Pura vida (“pure life”) describes a happy and relaxed outlook on life. Just saying the words in response to “how are you?” is satisfying. Rather than expanding on this thought, here’s a photo of of a Capuchin monkey demonstrating pura vida–totally relaxed but ready for mischief.

006Copyright 2018 Rolf C. Margenau-Capuchin Monky

The country’s most important import is tourists– 1.7 million each year. They come mostly from the US and Canada for eco-tourism and are the Costa Rica’s primary income producer. Like us, they tour in well-appointed new buses, stay in hotels ranging from posh to pleasant, eat too well, and are delighted by natural beauty and wildlife. We saw many exotic animals, principally at a wildlife rescue center, one of which is below. I’ve seen many pheasants display, but they have been shy about showing their backsides. That mystery is now revealed.

220Copyright 2017 Rolf Margenau

225Copyright 2017 Rolf Margenau

The country’s oldest city, Cartago, was founded in 1563, and the country is dotted with charming old villages and small cities. Catholic churches anchor the central squares of those places. Here’s a view of the one in Zarcero.

Rolf Margenau Photo

Up close, the gray tiles that cover the church are discovered to be vinyl . So much for ancient masonry!

We swam at turtle beaches, took a cable car ride through lush tropical forest, bathed in volcano heated hot bathes, cruised jungle rivers, and visited all the forest areas. The warmth of the climate and the people was appreciated. And the weather was much warmer in New Jersey when we returned. We didn’t see a volcanic eruption, but the sunsets made up for that.

039Copyright 2018 Rolf C. Margenau-CR Sunsets

Pura Vida!

Hawk – A Dilemma

I almost had to make a difficult decision today. It involved an immature red-tailed hawk sitting on the lower limb of the magnolia in our back yard.

Some background first: Our house bear, whom we’ve named Clyde, has been visiting our bird feeders for four years. He’s close to 400 pounds, but remains intimidated by Luci-fur, our cairn terrier, who occasionally escorts him off the property. When Clyde first visited, he snapped off one limp of my carefully pruned “V” shaped Asian pear tree and ate it like an ear of corn. Then he came up the hill to the feeders behind the house and picnicked on them.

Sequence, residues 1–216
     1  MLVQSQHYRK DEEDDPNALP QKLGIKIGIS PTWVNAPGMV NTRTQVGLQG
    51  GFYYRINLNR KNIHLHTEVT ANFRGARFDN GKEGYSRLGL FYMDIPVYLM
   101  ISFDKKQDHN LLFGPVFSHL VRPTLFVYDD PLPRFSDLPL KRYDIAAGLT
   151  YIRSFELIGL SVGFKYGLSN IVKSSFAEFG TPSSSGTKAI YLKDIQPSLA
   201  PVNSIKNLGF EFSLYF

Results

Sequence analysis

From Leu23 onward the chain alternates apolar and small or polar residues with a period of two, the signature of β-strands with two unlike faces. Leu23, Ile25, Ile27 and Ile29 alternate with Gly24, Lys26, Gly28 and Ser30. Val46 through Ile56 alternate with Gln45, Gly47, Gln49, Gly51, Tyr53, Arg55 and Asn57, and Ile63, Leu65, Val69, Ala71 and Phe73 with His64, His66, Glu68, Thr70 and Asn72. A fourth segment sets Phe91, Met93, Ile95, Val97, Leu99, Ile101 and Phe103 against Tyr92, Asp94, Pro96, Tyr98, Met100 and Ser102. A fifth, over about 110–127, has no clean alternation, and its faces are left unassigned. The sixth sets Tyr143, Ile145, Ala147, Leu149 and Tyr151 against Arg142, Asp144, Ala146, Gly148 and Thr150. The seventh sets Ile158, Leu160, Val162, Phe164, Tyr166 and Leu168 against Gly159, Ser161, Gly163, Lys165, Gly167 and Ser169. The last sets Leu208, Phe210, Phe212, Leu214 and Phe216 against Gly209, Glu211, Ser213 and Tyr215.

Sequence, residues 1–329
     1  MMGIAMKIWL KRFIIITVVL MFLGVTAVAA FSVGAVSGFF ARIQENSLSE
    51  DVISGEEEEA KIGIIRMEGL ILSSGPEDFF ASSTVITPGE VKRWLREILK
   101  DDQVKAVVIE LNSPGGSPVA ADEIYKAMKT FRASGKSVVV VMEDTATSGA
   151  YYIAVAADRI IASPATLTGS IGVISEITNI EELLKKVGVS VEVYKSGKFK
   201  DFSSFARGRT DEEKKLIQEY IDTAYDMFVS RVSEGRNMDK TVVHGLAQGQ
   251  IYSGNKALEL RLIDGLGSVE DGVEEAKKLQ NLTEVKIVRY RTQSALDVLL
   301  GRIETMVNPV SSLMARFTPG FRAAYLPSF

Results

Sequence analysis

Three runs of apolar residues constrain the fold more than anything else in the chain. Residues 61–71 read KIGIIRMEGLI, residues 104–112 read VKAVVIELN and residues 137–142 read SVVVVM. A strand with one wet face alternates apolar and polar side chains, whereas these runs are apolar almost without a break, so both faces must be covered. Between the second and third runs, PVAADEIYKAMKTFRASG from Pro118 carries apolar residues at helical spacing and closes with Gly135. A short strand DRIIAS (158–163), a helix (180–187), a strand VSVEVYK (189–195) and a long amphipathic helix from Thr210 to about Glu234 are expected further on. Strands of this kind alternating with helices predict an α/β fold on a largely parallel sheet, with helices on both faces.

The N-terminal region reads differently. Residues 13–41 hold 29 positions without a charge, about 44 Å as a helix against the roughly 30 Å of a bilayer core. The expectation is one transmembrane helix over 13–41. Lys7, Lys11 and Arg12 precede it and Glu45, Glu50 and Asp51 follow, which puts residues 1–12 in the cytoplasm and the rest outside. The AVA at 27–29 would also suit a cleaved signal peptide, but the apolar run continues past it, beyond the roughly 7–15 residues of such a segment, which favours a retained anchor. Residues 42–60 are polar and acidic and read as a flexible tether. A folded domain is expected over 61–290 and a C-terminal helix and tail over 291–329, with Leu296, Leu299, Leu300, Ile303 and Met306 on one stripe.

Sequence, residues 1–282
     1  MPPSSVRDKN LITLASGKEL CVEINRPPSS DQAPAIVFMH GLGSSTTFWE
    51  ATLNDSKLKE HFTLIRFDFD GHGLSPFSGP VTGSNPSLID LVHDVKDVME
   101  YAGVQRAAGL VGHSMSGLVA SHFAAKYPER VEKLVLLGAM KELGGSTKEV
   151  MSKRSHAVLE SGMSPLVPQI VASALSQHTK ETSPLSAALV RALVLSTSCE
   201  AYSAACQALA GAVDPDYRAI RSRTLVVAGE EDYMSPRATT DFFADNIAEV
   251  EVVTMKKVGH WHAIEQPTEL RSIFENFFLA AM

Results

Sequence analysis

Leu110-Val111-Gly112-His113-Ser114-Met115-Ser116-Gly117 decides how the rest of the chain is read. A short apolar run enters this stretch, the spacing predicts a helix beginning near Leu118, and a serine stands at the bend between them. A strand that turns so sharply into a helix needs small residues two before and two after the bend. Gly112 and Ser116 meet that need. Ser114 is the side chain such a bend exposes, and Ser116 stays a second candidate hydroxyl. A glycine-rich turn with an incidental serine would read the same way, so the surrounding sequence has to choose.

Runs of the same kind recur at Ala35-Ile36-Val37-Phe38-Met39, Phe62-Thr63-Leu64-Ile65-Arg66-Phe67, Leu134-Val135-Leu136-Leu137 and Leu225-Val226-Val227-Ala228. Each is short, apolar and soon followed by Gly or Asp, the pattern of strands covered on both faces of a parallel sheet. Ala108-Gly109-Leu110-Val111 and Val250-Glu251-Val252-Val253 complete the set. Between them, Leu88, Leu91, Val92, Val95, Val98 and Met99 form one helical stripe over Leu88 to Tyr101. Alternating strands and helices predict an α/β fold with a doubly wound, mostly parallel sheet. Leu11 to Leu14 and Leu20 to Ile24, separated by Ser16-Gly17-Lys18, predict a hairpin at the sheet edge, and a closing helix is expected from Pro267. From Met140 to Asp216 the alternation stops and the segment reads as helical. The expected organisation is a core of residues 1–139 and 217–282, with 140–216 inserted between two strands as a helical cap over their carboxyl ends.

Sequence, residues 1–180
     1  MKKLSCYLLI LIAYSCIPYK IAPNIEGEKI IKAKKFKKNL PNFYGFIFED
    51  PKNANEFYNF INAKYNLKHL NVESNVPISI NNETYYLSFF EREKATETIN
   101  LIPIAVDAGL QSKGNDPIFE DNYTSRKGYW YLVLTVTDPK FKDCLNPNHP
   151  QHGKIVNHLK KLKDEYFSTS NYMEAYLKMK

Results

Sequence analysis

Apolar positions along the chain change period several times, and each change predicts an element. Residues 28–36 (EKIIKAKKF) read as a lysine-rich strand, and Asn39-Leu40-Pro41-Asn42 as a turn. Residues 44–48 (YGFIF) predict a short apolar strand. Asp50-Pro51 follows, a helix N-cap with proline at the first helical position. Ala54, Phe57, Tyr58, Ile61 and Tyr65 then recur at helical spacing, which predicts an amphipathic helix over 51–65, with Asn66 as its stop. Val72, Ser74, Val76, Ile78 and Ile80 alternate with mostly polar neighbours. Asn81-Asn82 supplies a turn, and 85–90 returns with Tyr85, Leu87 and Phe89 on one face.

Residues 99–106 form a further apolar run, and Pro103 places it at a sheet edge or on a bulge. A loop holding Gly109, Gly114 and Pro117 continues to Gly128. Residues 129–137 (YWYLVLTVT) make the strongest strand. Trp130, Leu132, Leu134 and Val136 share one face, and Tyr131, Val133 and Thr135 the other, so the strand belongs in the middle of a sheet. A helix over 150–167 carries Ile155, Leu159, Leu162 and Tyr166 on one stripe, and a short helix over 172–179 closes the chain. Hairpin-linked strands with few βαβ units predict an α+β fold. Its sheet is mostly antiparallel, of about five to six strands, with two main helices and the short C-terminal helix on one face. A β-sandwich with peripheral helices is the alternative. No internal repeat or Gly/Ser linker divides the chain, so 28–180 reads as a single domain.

Understanding that, if I can reach the feeder so can the bear, I raised the feeders to a height of 14 feet. They are raised and lowered by loosening and tightening the clothes line supporting them—every morning and evening because there is always the chance Bonnie might show up.

We are not sure whether she is related to Clyde, but she is also very large. The first time she was here, she had two yearling cubs and two babies with her. The cubs scrambled up the posts supporting the feeders and trashed them all. The next time she showed up, Luci-fur and I exchanged words with her, and she chose to depart, though slowly.

So, the 14-foot-high bird feeders are fifteen feet from the kitchen window, and the magnolia is fifteen feet north of that. Nature has graced up with a blizzard today, so I made sure the feeders were full this morning and dumped little piles of seed around for the ground feeders. The birds were appreciative and looked especially attractive with their feathers fluffed up against the cold and wind. The cardinals really stood out in the snow.

Later, I saw that all the birds had disappeared. The reason was obvious. The young hawk sat on the magnolia branch that suffered deer rub this fall. He was close to the feeders and his sharp eyes surveyed the yard for little birds—his prey. We know that hawks have been there before from the dandelion-like blossoms of gray, red, or blue feathers on the ground from time to time. Hawks eat little birds. That’s how they make their living.

I surmised two things. The hawk probably would kill a little bird this wintry day, and, if I banged on the window, he would leave. I stood there for at least five minutes watching the hawk and trying to decide. Maybe I am becoming indecisive at my age. Then the hawk left. Decision averted.

So, what would you have done?